This large snake of the jungle carries a fearsome reputation among people near and far, but in reality there are only certain times that people should beware Boa Constrictors.
Constrictors cover an expanse from north to south starting in Mexico and going into South America. Boa Constrictors survive in a number of ecosystems including tropical rainforests and arid semi-dry deserts. They are found in Carara National Park, Tortuguero National Park, Guanacaste National Park, Rincón de la Vieja National Park and Corcovado National Park to name a few places in Costa Rica.
Mating & Reproduction
Boa Constrictors usually reproduce sexually, but it has been observed producing asexually, as well. Constrictors who engage in sexual activity are polygynous which means that the male will actively pursue multiple females. The males will wrestle each other for the right to copulate with a female that has signified her desire to mate by releasing a certain scent. Copulation can be as short as a few minutes or as long as a few hours.
Only half of the available females in a given area will become impregnated in a year. Females birth live young, but they may not do so until well over a year after copulation. The females can hold the males sperm in check until they ovulate, and in some cases that takes a long time. The female sheds after ovulation, and then it goes through a gestation period of about 100 to 120 days. The female typically births between 15 and 65 young that are independent.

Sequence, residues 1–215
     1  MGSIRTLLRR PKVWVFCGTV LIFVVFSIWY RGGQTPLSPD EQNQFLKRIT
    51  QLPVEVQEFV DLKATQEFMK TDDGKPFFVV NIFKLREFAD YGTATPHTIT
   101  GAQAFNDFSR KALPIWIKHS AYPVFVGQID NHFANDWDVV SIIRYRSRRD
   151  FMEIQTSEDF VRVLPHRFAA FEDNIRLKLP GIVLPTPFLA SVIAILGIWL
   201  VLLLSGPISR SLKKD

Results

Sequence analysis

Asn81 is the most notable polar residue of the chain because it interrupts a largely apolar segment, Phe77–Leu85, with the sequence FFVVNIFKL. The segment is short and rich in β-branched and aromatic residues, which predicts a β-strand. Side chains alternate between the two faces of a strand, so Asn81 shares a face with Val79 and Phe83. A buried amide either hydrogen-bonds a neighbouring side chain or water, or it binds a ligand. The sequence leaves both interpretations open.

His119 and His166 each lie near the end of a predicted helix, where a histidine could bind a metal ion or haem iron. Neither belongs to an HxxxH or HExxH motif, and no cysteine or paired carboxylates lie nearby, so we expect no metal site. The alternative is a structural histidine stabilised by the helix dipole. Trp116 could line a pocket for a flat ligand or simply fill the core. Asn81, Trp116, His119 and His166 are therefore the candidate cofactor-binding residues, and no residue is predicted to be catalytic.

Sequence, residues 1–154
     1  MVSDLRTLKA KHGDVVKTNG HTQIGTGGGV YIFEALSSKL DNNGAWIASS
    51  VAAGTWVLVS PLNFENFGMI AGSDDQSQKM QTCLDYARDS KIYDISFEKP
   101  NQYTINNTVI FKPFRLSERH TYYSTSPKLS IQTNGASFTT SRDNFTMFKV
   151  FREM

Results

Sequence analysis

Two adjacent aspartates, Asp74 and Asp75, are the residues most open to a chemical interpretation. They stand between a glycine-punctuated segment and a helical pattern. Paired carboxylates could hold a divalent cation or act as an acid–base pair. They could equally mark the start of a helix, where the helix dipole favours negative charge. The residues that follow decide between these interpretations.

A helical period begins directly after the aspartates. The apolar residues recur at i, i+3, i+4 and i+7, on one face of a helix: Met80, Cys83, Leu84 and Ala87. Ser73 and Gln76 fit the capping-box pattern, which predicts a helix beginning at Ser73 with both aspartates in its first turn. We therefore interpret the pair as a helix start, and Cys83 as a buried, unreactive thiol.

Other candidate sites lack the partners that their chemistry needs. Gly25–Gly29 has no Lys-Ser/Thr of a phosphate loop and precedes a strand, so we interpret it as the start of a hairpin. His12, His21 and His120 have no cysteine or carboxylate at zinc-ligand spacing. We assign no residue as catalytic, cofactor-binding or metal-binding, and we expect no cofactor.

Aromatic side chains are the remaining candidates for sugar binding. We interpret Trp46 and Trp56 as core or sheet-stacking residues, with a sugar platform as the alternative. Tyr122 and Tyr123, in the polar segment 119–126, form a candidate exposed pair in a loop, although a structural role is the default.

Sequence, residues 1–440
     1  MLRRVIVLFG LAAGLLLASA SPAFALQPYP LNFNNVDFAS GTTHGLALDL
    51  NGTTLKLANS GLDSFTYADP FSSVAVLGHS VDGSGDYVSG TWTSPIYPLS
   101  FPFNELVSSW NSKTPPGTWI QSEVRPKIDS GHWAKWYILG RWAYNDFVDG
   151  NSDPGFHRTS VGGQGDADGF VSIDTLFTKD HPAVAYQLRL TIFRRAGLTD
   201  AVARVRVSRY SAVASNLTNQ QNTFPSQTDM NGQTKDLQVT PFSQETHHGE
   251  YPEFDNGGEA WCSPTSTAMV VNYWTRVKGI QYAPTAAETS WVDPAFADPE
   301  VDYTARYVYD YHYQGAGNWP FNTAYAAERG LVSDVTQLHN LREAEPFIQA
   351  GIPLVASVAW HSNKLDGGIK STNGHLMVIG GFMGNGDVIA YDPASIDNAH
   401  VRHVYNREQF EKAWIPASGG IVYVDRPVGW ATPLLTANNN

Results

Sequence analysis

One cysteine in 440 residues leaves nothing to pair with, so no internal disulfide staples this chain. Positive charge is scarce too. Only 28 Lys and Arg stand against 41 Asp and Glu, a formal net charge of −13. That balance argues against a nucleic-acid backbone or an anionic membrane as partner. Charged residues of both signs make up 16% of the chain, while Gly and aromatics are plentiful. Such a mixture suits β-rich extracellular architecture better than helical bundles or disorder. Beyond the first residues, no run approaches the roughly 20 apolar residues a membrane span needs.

Boa Constricors are carnivores. They eat a large number of animals including rodents, birds, felines, reptiles, amphibians and bats. Constrictors have a very slow metabolism, and they do not eat after a meal for anywhere from 2 weeks to several months. They are primarily nocturnal, but they may bask in the sun when temperatures are too low.
Constrictors are the most dangerous when they are in their shed cycle. They cannot see as well at that time, and this causes them to become more defensive.
Boa Constrictors are often listed as an invasive species, and are known to be lowering the numbers of certain rodents in the areas that they populate.
Where to see it in Costa Rica: Carara National Park, Tortuguero National Park, Guanacaste National Park, Rincón de la Vieja Volcano National Park, Corcovado National Park
Diet: rodents, birds, felines, reptiles, amphibians, bats
Migration Pattern: non-migratory
Habitat: tropical rainforests, arid-semi dry deserts
Size: length=0.91-3.96 m weight=10-27 kg (males are larger than females)
Species: Boa constrictor